Canadian gold mine damaged in Suriname strike
Strikers at a Canadian gold mine in the Latin American country of Suriname have dug up the plant’s airstrip and barricaded roads in a dispute over a new contract, officials said.
Defense Minister Ivan Fernald told reporters that strikers had caused enormous damage at the Suriname Rosebel Gold Mines NV (RGM) since the stoppage began on Thursday, and an army unit had been sent in to guard the explosives stock.
The strikers had also partly cut the water supplies and sabotaged the power lines, according to RGM management sources, who said the workers had taken a bulldozer to the airstrip.
The strike started after negotiations over a new collective bargaining agreement for the workers stalled.
“The negotiations have been going on for more then one year now and the laborers are fed up as they also want to see something back in their salary from the company’s profit,” union leader Errol Snijders said.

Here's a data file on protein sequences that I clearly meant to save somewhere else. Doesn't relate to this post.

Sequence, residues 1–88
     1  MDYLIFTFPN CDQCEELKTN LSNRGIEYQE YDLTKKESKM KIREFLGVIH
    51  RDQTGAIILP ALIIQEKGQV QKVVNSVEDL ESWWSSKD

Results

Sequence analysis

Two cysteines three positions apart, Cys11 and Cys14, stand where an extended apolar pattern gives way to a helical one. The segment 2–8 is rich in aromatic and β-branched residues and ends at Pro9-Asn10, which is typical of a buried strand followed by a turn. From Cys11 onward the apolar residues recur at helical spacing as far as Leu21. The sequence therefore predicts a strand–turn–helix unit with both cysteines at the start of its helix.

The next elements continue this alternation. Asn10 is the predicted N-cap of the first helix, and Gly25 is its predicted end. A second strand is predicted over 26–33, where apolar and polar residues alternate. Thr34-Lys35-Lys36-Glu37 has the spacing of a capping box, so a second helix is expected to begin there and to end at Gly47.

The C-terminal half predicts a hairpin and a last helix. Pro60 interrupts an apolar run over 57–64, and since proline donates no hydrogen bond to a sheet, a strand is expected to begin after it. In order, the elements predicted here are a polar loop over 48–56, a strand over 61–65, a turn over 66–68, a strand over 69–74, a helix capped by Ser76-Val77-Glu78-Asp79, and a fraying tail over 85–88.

Parent company IAMGold Corp refused to comment Monday on the dispute in the plant some 118 kilometers (70 miles) south of the capital Paramaribo, but in an earlier statement condemned the strike as illegal.
Last year the mine was shut down for a couple days after the union forced the former owner — Cambior Inc. — to recognize its new union board.
IAMGold Corp took over the Rosebel Gold Mines NV in late 2006, with the Surinamese government retaining 5.0 percent. Suriname borders Brazil in the south and the Atlantic coast in the north.